11 September 2015

How the Tories will take on Corbyn


He has already changed the Labour Party. That is what Laura Kuenssberg – the BBC’s new political editor – shouted to viewers of the Corporation’s Ten’o’clock news last night. She had to shout because she was reporting from the middle of the very loud, final rally of Jeremy Corbyn’s likely-to-be-successful campaign to succeed Ed Miliband. It was more of a revivalist rally than a political meeting.

That Mr Corbyn has changed Labour is certainly what the Tory leadership wants Britain to think, too. One senior Cabinet minister told me this week that “any idiot” could convince the British people that Jeremy Corbyn was unfit to be prime minister and, in fact, the MP for Islington North would succeed in doing that himself. The challenge was to taint the whole Labour movement with his extreme views.

So get ready for Operation Red Contagion. Mr Corbyn’s leadership may not last long but the Tory leadership wants to use the time he is in charge to ensure that the Labour brand gets painted in the deepest of red colours.

At PMQs Mr Cameron will challenge Labour MPs to say whether Mr Corbyn is fit to be prime minister. They stay silent (“cowards flinch and traitors sneer” after all) and therefore undermine him or they cheer their leader and become guiltier by association and guiltier every week that they do not move against him.

And Labour moderates may want to hide away because they’re about to face non-stop questioning of where their true allegiances lie – to Mr Corbyn’s militancy or to the kind of Labour values that underpinned Tony Blair’s successes?

  • Mr Umunna, do you also regard Hamas and Hezbollah as your “friends”, think Britain should give up Trident and that we’re wrong to bomb ISIL?
  • Ms Cooper, can the country really afford to abolish tuition fees, nationalise the railways and give large pay increases to public sector workers all at the same time?
  • Mr Burnham, do you also believe that the Bank of England should print money and spend it on infrastructure and on reopening dirty, polluting coalmines?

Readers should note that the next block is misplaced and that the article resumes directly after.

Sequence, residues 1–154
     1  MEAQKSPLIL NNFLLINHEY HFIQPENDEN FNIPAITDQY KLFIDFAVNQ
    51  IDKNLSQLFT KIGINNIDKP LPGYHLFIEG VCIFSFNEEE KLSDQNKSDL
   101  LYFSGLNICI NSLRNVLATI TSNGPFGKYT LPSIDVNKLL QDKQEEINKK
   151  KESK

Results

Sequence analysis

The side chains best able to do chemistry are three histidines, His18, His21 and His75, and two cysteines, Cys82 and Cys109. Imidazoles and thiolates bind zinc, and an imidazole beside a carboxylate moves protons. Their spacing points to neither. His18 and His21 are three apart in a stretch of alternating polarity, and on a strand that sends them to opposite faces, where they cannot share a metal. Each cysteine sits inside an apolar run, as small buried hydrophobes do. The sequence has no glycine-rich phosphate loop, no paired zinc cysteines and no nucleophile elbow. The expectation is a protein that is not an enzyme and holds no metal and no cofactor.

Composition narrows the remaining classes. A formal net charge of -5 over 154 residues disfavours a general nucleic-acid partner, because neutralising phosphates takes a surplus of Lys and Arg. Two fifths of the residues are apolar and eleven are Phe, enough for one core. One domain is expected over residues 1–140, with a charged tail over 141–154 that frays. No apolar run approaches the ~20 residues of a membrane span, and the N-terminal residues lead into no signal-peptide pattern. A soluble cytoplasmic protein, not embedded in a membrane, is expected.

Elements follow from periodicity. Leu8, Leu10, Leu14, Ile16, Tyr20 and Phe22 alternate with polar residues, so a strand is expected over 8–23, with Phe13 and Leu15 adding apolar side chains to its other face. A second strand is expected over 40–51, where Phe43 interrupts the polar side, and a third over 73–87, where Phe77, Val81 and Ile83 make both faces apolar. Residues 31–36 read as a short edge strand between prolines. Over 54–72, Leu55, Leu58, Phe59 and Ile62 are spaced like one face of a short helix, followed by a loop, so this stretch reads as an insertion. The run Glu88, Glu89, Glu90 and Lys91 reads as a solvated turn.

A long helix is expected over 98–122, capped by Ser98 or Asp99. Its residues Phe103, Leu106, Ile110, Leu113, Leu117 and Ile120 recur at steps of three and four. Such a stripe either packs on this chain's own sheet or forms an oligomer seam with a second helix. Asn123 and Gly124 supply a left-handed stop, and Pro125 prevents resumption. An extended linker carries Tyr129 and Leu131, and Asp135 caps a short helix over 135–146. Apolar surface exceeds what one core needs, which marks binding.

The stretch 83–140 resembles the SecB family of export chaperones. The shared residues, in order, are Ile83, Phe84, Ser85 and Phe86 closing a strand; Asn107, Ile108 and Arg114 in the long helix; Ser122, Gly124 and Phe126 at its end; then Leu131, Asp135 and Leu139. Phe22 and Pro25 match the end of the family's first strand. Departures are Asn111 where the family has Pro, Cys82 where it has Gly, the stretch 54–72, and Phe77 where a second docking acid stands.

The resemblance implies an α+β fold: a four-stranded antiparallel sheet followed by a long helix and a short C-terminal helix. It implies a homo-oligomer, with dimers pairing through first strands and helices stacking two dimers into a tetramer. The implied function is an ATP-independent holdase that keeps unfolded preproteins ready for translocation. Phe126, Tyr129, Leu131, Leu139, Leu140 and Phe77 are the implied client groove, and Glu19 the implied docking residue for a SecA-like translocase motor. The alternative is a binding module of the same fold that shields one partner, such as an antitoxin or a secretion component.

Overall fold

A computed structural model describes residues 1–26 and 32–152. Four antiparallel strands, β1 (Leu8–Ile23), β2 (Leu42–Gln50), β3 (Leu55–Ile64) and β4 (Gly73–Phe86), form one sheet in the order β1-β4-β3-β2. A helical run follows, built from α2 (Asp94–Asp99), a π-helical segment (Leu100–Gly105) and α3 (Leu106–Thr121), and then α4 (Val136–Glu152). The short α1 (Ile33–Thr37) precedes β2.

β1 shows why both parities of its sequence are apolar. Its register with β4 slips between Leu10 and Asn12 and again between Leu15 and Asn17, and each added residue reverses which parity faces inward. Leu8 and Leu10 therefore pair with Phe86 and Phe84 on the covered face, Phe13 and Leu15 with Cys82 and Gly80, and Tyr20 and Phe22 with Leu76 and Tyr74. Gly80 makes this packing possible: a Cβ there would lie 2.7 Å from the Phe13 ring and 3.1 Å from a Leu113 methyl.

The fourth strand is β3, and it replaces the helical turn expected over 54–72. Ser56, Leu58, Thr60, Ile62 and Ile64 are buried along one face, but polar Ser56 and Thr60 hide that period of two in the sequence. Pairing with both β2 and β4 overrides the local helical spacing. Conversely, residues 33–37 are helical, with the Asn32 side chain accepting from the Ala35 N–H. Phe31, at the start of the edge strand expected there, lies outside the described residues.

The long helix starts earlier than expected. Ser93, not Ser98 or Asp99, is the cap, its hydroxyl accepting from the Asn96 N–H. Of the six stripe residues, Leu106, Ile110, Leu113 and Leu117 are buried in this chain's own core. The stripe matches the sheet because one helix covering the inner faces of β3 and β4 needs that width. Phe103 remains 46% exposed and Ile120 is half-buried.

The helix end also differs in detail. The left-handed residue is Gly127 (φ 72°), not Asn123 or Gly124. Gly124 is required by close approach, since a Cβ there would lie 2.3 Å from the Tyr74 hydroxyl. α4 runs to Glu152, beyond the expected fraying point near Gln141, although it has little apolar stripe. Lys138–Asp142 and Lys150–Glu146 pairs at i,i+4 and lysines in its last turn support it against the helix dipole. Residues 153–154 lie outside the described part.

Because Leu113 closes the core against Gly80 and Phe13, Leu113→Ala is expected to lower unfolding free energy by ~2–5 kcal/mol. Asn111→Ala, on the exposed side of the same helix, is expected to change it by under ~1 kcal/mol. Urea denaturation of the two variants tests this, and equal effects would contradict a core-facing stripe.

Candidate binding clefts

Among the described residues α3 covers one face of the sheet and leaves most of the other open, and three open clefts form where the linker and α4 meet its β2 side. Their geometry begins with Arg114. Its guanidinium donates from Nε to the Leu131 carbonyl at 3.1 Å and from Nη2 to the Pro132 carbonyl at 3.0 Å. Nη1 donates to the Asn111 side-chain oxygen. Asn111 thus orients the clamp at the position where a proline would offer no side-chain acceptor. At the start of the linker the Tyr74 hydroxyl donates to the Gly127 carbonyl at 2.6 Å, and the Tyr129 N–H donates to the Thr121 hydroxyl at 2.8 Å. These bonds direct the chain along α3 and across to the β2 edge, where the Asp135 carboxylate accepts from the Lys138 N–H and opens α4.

Tories see this as an historic opportunity to knock Labour off the moral high ground. Even when Labour mess up (and every Labour government increases debt, unemployment and taxes) a lot of voters still think the party’s heart is in the right place. So long, however, as the party is led by a leader who excuses the IRA, Islamist terror groups, Putin’s expansionism and trade union militancy Labour risks putting its moral authority in grave danger.

There’s always been a nastiness on the Left. The Guardian is currently selling T-shirts (inspired by Bevan) that describe the Tories as lower than vermin. Harry Leslie Smith – who is now a regular turn at Labour Party events – compares Rebekah Brooks of News UK to Joseph Goebbels. An effigy of Margaret Thatcher in a coffin is paraded at the Durham Miners’ Gala – with a “rest in hell” message daubed upon it. At that Gala Len McCluskey attacks Tory ministers as “thieving bastards”. Throughout the Labour leadership campaign the Twitter accounts of too many Corbyn supporters have routinely been vile, anti-Semitic and misogynistic. There’s nastiness on the Right too, of course but the Right has rarely enjoyed the moral high ground. Because many on the Left feel they are doing the work of God (or Marx) they feel even the worst of behaviour is ultimately in service of a good cause.

It’s possible, of course, that Jeremy Corbyn won’t win tomorrow. If he falls short it will be narrowly, however. The Left will feel empowered and will drag any sensible leader away from the mainstream. We might even be seeing the beginning of the kind of split on the Left that has already occurred in many advanced democracies. But if Corbyn does inherit the party of Brown and Blair the moderates within Labour have a big choice. If they are silent they’ll risk guilt by association and they’ll be attacked by the Tories as sell-outs. If they fight against Corbynisation they’ll risk splitting the Labour party. The attacks in such circumstances won’t come from the Tories but from their own side. They’ll be the allies of “Joseph Goebbels” and “thieving bastards”. I fear British politics is about to get very ugly indeed.

Tim Montgomerie is a columnist for the The Times, a Senior Fellow at Legatum Institute and co-founder of the new website The Good Right.